HBD, Billy Porter
Lick my toe
like our hearts should be….
things about me and my room people either find cool or strange:
that boss-ass picture from last halloween
the watching owls
and the most important thing
Does anyone know how to style their hair like Mulders in season 4 and 5?
Fun fact: showrunners/show creators that make shows for networks or streaming services or whatev dont actually own their own properties! The network owns the ip and ultimately has final say in how the show ends up! That applies to movies and games too!
I actually thought that was common knowledge, but apparently some people werent aware.
Anyway, if thats new information to you, keep it in mind if youre planning to go into animation. No shame in staying independent!
On the other hand, if you really want to maximize the number of people checking out your stuff, or if you need the resources allowed by working with a multi-billion company to realize your artistic ambitions, maybe the tradeoff is worth it to you! I wont judge! Just bear it in mind!
On September 22nd, 1955, the BBC reported (through gritted teeth) that Associated Rediffusion, weekday franchisee for Britain’s first independent television service, had begun broadcasting in London, ending the BBC’s long standing monopoly and bringing advertising to television for the first time.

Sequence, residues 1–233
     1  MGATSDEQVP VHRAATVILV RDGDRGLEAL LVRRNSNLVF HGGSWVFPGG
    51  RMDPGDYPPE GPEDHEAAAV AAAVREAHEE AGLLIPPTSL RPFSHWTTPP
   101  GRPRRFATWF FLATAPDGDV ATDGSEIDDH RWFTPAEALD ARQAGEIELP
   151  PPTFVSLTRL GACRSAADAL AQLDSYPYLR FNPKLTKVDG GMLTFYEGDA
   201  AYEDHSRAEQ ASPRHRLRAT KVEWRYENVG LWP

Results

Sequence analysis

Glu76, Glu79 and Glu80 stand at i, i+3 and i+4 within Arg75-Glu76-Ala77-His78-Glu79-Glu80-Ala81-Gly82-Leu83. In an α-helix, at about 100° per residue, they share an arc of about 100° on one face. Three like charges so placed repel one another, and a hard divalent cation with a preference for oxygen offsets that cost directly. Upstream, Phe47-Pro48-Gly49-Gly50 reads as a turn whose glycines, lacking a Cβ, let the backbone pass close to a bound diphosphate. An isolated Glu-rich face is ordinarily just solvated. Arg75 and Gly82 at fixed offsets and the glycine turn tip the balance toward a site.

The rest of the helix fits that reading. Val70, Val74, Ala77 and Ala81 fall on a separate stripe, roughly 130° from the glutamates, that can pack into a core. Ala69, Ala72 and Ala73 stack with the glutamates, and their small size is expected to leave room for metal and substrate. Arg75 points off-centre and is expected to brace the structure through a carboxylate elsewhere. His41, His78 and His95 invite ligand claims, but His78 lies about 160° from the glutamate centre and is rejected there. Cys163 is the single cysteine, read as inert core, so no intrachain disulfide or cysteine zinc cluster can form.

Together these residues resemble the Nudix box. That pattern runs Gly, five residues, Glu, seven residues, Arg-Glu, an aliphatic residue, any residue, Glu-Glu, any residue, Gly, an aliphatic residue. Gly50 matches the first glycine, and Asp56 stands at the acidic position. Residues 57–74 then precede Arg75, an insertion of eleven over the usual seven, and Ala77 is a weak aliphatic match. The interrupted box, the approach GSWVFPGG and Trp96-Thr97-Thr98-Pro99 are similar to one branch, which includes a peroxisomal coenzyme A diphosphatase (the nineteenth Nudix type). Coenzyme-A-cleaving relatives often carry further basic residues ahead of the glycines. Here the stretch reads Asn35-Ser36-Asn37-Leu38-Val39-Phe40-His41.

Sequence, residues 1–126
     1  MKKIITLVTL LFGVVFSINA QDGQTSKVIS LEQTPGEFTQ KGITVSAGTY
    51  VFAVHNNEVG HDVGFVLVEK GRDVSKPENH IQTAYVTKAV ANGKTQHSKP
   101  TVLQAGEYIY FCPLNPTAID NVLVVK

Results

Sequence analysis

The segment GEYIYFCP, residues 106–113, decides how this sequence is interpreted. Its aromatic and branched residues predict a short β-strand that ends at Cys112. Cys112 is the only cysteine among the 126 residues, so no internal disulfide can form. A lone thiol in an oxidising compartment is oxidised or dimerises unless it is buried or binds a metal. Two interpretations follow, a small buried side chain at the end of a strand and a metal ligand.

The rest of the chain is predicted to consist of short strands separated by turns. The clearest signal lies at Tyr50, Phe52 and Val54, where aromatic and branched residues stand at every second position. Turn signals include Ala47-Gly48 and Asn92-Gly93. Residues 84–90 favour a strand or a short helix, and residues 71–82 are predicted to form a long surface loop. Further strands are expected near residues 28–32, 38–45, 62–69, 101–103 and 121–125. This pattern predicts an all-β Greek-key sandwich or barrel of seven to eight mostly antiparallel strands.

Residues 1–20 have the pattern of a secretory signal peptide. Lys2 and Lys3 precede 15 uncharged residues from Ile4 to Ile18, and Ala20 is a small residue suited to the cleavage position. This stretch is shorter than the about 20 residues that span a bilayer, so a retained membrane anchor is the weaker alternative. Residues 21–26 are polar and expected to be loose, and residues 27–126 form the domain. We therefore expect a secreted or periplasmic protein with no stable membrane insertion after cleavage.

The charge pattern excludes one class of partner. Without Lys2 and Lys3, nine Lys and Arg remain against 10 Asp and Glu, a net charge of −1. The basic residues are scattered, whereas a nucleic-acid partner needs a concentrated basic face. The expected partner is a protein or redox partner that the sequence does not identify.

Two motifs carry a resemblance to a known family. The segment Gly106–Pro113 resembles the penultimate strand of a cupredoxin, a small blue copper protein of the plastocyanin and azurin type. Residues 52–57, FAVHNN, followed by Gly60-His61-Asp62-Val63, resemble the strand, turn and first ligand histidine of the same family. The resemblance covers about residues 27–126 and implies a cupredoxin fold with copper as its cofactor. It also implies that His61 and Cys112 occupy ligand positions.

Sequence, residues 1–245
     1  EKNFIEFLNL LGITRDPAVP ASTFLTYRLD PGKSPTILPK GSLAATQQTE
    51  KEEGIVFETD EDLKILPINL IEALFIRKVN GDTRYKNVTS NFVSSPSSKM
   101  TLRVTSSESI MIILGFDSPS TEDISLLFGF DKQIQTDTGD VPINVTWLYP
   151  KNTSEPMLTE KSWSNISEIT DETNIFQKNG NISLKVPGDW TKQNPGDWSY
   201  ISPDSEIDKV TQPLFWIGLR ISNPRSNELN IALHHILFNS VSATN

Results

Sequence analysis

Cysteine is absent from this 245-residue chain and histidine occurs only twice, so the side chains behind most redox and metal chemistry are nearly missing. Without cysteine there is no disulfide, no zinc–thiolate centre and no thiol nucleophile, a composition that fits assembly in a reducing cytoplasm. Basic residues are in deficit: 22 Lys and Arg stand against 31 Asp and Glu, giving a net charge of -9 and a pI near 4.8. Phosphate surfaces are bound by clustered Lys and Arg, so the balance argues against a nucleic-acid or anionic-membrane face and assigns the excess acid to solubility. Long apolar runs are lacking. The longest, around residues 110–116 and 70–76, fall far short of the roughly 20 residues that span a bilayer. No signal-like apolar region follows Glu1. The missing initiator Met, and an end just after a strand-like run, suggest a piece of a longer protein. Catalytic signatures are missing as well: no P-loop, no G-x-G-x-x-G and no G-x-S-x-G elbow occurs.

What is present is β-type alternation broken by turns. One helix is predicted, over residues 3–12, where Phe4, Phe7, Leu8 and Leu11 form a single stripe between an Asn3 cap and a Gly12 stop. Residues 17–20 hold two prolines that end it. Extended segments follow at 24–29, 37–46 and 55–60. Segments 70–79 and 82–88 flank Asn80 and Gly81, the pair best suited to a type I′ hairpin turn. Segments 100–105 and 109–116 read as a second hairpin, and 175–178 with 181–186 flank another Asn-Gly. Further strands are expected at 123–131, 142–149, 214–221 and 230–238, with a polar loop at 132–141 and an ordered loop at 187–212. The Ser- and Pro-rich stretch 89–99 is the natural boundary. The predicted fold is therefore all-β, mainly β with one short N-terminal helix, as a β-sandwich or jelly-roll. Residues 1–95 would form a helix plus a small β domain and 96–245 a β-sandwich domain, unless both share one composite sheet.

Initial programming included a variety show, some drama segments featuring Sir John Gielgud, Alec Guinness and Kay Hammond, and a boxing match. The first advert was for Gibbs ‘tingling fresh’ toothpaste, while other advertisers included Esso and Cadbury. The evening concluded with a news bulletin and cabaret spot, before the final five-minute religious programme, Epilogue, at which point the station closed at 11.00pm after nearly four hours on air.
On the other side, the BBC broadcast a documentary on Donald Duck, but it was an episode of the radio serial, The Archers, on the BBC Light Programme, that pulled 20 million listeners. The BBC subsequently denied that a dramatic storyline involving the killing off of key character Grace Archer was deliberately planned to disrupt Rediffusion’s launch.
There was a contentious reorganisation of the commercial television franchise framework in 1968, resulting in some maneuverings by the re-branded Rediffusion London’s parent company that led to the creation of Thames Television, which became the weekday broadcaster for London and the Home Counties. The Rediffusion brand was shelved and its assets disbursed. Many of its original programmes were subsequently lost.